Mid - Cycle Summary of Research Project on Motivation and Persistence
David B. Hayes, Rhode Island Institute for Labor Studies and Research Submitted 3-24-99
Question: What are the forces working for and against students in our part -time, evening ESL and GED/Pre-GED classes which support/inhibit regular attendance?
Reviews of attendance characteristics of students in this program highlight two attendance problems. First, among students currently enrolled, there is a nearly 50/50 split between those whose attendance is above 70 percent and those whose attendance is below 70 percent. Second, many of students who were enrolled in the program when the study began, especially at the GED/ Pre- GED level, have stopped or dropped out.
Steps taken thus far:
So far, the project has focused on those who are currently attending. Those who dropped out during the project period will be addressed in next steps (see below).
In January, a quick glance at attendance figures for October, November and December suggested that attendance patterns among students in both classes varied widely during that time. In mid- February, attendance figures for those attending the program were counted as far back as one year and calculated as percentages. It was learned that nearly half of the students attended classes less than 70 percent of the time.
Students from both classes were then brought together. The nature of the project and what I intended to do with them was explained, and a brief, general discussion on motivation and persistence was held. Divided into small (four or five people) mixed-level groups which reflected common attendance characteristics (above or below seventy percent), they brainstormed answers to two questions:
-- What are some things which make it easier for you to attend school?
-- What are some things that make it more difficult for you to attend school?
Each group composed two lists, one in response to each question. Lists were then read out loud and combined into whole- class lists, posted on newsprint. Students were then asked to select one item from either whole - class list which struck them as most significant in a personal way. They copied this item down and agreed to write a short explaination as to why that particular item was of such significance. These essays were collected at the next session.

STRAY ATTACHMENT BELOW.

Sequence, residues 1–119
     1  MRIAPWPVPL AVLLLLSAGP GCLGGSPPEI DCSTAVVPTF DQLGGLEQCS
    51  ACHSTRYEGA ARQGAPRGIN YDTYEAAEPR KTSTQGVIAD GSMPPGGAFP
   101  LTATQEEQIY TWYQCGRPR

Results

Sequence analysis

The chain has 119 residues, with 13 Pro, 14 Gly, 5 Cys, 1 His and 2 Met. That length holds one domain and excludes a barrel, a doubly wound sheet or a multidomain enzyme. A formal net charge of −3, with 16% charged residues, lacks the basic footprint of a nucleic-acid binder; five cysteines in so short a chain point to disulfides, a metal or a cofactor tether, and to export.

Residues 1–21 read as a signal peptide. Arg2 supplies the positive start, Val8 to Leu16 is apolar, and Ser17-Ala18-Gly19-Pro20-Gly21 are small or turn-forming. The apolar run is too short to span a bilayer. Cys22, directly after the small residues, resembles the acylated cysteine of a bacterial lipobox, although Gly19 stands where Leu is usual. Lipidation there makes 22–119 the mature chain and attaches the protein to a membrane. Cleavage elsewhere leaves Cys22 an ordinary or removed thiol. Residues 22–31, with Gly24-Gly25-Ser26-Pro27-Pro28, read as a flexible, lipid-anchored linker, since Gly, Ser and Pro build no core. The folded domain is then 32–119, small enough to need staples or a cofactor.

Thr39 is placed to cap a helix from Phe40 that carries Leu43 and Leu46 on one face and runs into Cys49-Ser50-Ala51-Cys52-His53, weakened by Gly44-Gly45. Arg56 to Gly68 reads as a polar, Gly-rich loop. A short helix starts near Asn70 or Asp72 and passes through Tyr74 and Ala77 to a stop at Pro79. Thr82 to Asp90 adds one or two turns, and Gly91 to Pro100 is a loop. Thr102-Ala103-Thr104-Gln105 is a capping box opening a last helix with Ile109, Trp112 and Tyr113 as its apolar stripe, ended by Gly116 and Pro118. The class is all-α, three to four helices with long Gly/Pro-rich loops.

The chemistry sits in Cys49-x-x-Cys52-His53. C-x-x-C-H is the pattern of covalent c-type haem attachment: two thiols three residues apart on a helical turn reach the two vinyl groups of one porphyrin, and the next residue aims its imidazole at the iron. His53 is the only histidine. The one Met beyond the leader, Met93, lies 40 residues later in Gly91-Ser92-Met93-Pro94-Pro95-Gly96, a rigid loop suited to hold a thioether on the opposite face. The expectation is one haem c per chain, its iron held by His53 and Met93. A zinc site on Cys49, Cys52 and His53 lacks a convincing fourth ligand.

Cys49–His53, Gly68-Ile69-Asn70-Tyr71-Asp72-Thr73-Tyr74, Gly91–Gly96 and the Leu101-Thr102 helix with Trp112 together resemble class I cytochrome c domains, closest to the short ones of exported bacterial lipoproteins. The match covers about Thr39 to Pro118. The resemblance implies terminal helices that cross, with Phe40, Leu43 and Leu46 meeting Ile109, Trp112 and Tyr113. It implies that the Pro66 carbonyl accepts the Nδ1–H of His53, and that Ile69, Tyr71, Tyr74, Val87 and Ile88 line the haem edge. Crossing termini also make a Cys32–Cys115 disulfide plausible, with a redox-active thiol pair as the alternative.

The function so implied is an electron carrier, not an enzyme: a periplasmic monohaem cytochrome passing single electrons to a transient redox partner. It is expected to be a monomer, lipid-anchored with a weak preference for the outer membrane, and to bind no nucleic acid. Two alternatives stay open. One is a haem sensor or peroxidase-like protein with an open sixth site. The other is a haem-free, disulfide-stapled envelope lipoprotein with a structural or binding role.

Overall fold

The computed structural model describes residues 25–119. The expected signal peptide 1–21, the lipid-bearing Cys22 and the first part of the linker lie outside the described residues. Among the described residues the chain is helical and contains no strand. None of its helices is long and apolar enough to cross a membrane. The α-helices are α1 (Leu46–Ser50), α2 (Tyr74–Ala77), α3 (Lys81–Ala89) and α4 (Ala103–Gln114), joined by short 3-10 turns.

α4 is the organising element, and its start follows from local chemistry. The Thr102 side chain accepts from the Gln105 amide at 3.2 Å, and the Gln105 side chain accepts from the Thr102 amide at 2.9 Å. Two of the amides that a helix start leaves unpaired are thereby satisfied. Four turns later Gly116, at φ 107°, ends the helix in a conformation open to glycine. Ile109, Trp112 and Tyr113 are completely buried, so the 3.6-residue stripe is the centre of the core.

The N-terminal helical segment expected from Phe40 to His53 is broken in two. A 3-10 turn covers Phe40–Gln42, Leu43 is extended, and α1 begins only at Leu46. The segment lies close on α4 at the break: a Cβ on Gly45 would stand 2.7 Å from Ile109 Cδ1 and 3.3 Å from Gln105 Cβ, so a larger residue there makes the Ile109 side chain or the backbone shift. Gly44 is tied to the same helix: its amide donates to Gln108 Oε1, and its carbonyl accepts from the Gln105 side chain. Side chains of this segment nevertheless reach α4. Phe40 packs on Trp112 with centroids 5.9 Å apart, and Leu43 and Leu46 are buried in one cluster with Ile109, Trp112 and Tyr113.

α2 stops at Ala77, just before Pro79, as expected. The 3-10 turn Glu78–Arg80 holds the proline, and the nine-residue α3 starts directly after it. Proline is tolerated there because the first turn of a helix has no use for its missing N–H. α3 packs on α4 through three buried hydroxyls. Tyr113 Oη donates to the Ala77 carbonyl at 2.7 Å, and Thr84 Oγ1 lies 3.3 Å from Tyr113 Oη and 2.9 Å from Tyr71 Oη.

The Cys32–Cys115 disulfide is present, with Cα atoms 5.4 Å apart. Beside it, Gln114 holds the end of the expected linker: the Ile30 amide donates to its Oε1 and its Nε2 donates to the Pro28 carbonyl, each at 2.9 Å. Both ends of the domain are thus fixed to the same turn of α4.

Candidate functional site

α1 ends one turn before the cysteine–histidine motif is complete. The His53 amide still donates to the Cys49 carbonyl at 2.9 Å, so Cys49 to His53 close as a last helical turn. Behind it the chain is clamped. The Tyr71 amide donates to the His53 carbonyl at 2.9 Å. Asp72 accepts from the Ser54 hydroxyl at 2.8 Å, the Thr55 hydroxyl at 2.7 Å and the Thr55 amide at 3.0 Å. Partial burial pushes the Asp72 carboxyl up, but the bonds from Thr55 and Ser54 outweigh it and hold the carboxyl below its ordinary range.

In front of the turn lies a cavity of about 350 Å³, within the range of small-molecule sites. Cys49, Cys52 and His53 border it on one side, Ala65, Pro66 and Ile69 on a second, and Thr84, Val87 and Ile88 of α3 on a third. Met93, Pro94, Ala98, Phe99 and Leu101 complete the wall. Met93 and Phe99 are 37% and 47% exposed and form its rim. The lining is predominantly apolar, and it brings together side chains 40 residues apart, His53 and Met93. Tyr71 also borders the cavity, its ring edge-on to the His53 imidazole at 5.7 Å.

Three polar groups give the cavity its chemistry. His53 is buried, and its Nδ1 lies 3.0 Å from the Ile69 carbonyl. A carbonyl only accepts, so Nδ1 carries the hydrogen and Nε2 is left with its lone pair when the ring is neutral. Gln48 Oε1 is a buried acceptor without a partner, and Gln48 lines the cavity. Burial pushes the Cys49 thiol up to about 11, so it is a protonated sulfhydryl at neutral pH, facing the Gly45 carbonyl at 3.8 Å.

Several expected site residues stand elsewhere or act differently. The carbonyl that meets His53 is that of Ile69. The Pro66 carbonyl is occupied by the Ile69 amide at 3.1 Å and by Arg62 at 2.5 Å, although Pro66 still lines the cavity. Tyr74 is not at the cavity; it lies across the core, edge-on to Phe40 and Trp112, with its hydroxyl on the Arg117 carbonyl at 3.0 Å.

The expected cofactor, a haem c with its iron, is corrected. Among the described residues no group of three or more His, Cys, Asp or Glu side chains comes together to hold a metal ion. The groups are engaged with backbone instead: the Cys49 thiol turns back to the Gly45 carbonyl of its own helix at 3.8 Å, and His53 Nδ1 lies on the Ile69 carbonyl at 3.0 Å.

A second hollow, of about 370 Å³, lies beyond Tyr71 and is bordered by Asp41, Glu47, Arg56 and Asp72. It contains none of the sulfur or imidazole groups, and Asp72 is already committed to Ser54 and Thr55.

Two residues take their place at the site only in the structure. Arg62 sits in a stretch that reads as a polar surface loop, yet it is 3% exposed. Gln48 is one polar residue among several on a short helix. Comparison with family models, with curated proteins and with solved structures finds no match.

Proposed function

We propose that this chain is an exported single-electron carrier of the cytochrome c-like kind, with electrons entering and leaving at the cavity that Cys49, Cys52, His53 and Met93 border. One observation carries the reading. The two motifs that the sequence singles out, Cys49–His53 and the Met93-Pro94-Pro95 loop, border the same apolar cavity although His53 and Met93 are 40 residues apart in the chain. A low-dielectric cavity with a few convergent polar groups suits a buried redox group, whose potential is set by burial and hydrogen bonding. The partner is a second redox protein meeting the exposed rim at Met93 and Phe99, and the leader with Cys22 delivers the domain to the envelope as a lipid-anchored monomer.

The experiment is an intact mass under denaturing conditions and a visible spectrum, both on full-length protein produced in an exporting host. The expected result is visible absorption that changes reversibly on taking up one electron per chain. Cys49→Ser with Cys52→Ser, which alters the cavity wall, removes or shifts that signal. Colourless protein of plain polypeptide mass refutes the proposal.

The newsprint lists were then developed into a section of a survey which was administered to the students three weeks later. The lists formed a section in which students were asked to rate the personal impact of each item on the lists, using a four-point scale. Thirteen short answer questions, aimed at gathering data on changes in student goals, possible previous persistence problems, and gaining additional insight into positive and negative forces were included in the survey.
Immediate next steps will focus on two areas: gathering qualitative data on students who are still in the program and gathering data on students who have stopped or dropped out since the project began. The first area will be address through a series of small- group discussions with the students on the surveys and on attendance issues in general. The second will be addressed through a mailed survey to the students who are not currently attending. This mailed survey will not be the same survey that was administered to currently enrolled students, as it will aim at gathering different information and at being as accessable as possible (see problems/concerns below).
Later, toward the end of the data collection phase, students in the program will be asked to take the survey a second time. A comparison between first and second survey responses will be made.
Highlights / Problems and Concerns:
So far, the students have been very receptive to the process. They seemed energized by the discussion and small - group work in particular, and many interesting stories have come out in writing. My hope is that these processes, and the upcoming discussion groups in particular, will enable students to reflect at greater length on the factors we're exploring. The students' teachers liked the survey questions, which addressed areas they were curious about.
My meetings with Siobhan, Kathy, Judy and Gail have been very useful. Their input has enabled me to reflect more deeply on developing an information gathering process which is largely student -driven and aims at gathering both qualitative and quantitative data. Meetings with practitioners from other states who are also researching the areas of motivation and persistence have also been useful in this regar, as have meeting with Janet. I feel that the longer, more interactive research format Janet and Bob have developed this year has made a big difference in my project development.
There have been few problems. Some students had a little bit of difficulty with the survey language, but since the survey was administered to the group, they were able to ask questions and I was able to guide them through the process. I am most concerned about the written survey which will be mailed to students who have left the program. Response to such mailed surveys are usually low. I will aim to make the survey as easy to read, answer and return as possible. This may further limit the value of the process by limiting the scope of student response, however.
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